Almost from the beginning of his administration, Lincoln was pressured by abolitionists and radical Republicans to issue an Emancipation Proclamation. In principle, Lincoln approved, but he postponed action against slavery until he believed he had wider support from the American Public. The passage of the Second Confiscation Act by Congress on July 17, 1862, which freed the slaves of everyone in rebellion against the government, provided the desired signal. Not only had Congress relieved the Administration of considerable strain with its limited initiative on emancipation, it demonstrated an increasing public abhorrence toward slavery.
Lincoln had already drafted what he termed his "Preliminary Proclamation." He read his initial draft of the Emancipation Proclamation to Secretaries William H. Seward and Gideon Welles on July 13, 1862. For a moment, both Secretaries were speechless. Quickly collecting his thoughts, Seward said something about anarchy in the South and possible foreign intervention, but with Welles apparently too confused to respond, Lincoln let the matter drop.
Brett (A.) & Co. Abraham Lincoln.
N.Y. Jones & Clark [186?].
(Library of Congress, Stern Collection, Rare Book and Special Collections Division.)
Nine days later, on July 22, Lincoln raised the issue in a regularly scheduled Cabinet meeting. The reaction was mixed. Secretary of War Edwin M. Stanton, correctly interpreting the Proclamation as a military measure designed both to deprive the Confederacy of slave labor and bring additional men into the Union Army, advocated its immediate release. Treasury Secretary Salmon P. Chase was equally supportive, but Montgomery Blair, the Postmaster General, foresaw defeat in the fall elections. Attorney General Edward Bates, a conservative, opposed civil and political equality for Blacks but gave his qualified support. Fortunately, President Lincoln only wanted the advice of his Cabinet on the style of the Proclamation, not its substance. The course was set.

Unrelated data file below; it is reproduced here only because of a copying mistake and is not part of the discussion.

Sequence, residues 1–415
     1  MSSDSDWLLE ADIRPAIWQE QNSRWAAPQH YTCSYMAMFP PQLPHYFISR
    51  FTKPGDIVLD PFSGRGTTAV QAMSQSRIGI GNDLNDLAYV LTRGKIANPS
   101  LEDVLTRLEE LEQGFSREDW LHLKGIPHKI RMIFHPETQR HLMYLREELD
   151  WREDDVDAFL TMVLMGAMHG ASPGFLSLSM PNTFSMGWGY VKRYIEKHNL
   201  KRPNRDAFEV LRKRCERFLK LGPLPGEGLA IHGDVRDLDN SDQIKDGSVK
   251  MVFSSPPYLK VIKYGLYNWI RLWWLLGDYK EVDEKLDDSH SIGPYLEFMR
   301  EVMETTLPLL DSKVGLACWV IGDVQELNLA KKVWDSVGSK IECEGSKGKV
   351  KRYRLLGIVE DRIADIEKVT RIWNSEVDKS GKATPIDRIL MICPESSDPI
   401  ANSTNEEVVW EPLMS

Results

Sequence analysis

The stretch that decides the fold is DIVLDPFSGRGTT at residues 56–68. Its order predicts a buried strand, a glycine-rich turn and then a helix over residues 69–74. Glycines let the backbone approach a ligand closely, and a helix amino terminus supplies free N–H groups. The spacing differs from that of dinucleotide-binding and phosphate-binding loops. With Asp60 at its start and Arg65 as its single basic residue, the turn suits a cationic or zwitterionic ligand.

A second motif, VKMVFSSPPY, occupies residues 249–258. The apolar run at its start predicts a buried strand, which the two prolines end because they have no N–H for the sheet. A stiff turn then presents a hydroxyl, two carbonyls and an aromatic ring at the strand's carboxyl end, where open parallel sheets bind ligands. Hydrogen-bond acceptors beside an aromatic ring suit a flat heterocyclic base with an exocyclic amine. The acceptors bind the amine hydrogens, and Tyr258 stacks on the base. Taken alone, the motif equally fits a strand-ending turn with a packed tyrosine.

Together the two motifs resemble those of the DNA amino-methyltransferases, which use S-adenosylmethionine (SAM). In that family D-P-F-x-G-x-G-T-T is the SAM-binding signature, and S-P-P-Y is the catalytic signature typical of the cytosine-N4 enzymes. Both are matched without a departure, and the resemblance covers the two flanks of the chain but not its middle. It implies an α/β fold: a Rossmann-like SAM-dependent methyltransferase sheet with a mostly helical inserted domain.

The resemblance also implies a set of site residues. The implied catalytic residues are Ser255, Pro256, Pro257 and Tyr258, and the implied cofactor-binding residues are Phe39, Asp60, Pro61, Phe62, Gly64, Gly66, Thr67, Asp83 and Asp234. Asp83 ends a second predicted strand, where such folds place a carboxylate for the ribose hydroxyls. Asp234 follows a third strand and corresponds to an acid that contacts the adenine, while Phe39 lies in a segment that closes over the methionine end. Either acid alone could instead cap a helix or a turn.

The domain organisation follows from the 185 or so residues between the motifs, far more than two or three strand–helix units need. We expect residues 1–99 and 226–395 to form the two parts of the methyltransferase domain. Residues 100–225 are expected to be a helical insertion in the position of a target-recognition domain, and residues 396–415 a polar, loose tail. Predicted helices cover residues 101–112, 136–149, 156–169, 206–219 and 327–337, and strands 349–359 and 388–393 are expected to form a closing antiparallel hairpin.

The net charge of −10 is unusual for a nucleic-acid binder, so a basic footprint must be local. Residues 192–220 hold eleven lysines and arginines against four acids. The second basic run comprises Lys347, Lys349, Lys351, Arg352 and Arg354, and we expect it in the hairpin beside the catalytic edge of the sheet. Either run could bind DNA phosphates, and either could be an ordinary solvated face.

The Cabinet meeting of September 22, 1862, resulted in the political and literary refinement of the July draft, and on January 1, 1863, Lincoln composed the final Emancipation Proclamation. It was the crowning achievement of his administration.
The original autograph was lost in the Chicago fire of 1871. Surviving photographs of the document show it primarily in Lincoln's own hand. The superscription and ending are in the hand of a clerk, and the printed insertions are from the September draft.